“I am grateful that President Trump has made it a priority to tackle the traffic issue of missing and murdered American Indians and Alaska Natives,” HHS Secretary Alex Azar said. “Native Americans deserve safety and security in their communities, and HHS has a vital role in helping by providing culturally appropriate prevention and trauma informed services to victims and their families.”

“I am committed to working in partnership with President Trump, Attorney General Barr, Secretary Bernhardt, and tribal leaders and members to make a positive impact on this important challenge,” Azar said.

Last December, the president announced the formation of the task force. The program, called Operation Lady Justice, was formed during an Oval Office signing ceremony on Nov. 26.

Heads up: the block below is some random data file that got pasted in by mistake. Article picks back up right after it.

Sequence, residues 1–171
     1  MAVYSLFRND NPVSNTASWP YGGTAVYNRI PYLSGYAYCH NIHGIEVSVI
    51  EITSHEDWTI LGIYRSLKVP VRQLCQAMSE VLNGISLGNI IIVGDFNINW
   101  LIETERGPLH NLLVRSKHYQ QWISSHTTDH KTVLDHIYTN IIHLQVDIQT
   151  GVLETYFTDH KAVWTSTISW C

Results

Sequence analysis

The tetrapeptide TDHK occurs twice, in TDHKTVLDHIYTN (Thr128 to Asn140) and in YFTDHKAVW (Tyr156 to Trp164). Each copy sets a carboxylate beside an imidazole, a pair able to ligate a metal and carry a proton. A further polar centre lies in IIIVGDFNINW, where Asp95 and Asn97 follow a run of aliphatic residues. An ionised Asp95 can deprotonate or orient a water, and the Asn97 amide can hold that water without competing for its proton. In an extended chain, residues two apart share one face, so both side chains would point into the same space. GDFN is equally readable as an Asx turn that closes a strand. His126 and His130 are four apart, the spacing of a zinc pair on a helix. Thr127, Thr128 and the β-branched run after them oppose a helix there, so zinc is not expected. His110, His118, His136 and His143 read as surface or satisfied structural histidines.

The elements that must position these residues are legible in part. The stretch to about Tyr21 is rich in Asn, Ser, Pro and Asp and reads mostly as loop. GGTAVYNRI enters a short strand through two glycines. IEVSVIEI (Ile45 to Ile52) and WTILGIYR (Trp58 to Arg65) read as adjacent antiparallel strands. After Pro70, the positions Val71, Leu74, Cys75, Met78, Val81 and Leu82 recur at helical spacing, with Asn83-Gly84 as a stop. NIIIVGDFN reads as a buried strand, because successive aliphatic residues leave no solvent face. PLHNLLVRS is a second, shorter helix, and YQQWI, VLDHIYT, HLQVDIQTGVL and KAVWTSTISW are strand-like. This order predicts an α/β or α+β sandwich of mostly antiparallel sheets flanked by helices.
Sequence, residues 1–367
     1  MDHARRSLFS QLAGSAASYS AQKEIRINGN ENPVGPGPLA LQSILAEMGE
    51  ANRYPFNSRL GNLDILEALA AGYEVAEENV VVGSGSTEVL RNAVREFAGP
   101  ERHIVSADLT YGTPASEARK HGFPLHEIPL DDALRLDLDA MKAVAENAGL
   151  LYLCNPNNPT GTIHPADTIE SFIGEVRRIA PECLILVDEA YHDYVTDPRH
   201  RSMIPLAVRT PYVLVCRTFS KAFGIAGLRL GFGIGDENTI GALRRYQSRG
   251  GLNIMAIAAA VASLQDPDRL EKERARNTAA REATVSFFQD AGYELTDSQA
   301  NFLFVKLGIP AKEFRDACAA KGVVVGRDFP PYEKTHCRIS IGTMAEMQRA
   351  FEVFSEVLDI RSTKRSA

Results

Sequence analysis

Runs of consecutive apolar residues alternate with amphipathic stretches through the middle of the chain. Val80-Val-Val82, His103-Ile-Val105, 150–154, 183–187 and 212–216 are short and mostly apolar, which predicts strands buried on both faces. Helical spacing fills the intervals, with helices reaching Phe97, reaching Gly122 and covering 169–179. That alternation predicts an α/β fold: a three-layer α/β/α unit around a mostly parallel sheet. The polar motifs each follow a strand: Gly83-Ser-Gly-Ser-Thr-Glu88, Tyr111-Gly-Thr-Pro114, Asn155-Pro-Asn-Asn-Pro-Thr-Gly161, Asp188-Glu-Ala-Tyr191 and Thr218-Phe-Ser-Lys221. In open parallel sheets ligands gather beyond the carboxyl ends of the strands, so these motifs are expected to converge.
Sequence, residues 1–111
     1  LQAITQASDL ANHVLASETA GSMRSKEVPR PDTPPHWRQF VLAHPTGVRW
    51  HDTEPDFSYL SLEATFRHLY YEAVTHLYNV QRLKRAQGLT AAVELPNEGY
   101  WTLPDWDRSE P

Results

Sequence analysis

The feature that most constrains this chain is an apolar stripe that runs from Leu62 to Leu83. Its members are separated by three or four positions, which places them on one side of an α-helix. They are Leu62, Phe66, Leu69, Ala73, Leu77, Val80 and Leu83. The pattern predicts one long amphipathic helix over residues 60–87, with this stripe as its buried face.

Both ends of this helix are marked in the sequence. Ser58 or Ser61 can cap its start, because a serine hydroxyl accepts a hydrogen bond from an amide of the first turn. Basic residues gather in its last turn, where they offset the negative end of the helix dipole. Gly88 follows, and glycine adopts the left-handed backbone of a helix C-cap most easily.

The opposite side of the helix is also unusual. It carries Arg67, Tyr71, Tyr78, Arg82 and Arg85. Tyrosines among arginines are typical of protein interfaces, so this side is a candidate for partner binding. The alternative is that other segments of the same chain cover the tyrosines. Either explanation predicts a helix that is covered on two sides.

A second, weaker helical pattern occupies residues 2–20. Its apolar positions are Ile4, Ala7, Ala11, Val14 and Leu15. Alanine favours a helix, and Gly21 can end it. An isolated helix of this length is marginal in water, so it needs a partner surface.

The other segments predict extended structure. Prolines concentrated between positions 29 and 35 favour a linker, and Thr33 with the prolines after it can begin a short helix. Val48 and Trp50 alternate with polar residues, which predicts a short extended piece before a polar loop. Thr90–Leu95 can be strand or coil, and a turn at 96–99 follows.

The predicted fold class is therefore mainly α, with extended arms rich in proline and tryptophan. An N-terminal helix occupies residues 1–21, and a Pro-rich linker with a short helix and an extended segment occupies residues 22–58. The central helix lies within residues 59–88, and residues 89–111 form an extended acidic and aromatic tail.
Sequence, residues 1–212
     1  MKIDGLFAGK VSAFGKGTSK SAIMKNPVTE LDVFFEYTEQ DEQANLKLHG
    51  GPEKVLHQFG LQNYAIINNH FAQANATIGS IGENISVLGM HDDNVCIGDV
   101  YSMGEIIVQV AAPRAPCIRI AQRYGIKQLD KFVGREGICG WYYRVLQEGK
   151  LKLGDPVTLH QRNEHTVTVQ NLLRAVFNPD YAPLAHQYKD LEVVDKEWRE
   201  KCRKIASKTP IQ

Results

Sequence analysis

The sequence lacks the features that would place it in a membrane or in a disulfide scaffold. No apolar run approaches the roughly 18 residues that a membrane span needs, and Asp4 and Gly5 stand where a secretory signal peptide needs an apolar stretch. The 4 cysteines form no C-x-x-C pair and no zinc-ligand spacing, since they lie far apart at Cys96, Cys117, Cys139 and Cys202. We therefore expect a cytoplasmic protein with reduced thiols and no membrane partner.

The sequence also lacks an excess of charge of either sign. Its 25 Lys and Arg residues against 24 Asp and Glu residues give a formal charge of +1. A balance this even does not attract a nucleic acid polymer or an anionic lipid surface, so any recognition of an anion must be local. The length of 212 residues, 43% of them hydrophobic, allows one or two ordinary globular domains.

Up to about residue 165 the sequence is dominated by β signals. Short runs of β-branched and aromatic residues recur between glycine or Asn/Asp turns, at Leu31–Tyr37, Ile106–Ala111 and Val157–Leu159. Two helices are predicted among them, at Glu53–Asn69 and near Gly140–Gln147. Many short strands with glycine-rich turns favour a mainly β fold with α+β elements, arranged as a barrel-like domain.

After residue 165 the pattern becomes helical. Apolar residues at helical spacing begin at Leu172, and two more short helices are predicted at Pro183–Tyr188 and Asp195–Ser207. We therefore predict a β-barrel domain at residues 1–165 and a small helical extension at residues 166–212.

Joining the president at the ceremony were Navajo Nation Vice President Myron Lizer and Second Lady Dottie Lizer; Mille Lacs Band of Ojibwe Chief Executive Melanie Benjamin; Fond du Lac Band of Lake Superior Chippewa Chairman Kevin DuPuis; and Crow Chairman Alvin “A.J.” Not Afraid Jr—all of whom thanked the president.

“I commend President Trump and his administration for recognizing the traumatic epidemic of missing and murdered indigenous relatives,” Lizer said. “Throughout our tribal nations, we hear far too many stories of families, victims and survivors, so we need to keep our sacred women and children safe and protected.”

Of course, the president cannot get credit for anything he tries to do, especially from Democrats. Democratic Congresswoman Deb Holland of New Mexico, a member of the Pueblo of Laguna, called the funding inadequate.

“The DOJ’s plan reflects a lack of consultation with Tribes, which is a pattern of this Administration on all Indian Country issues,” she said in a statement.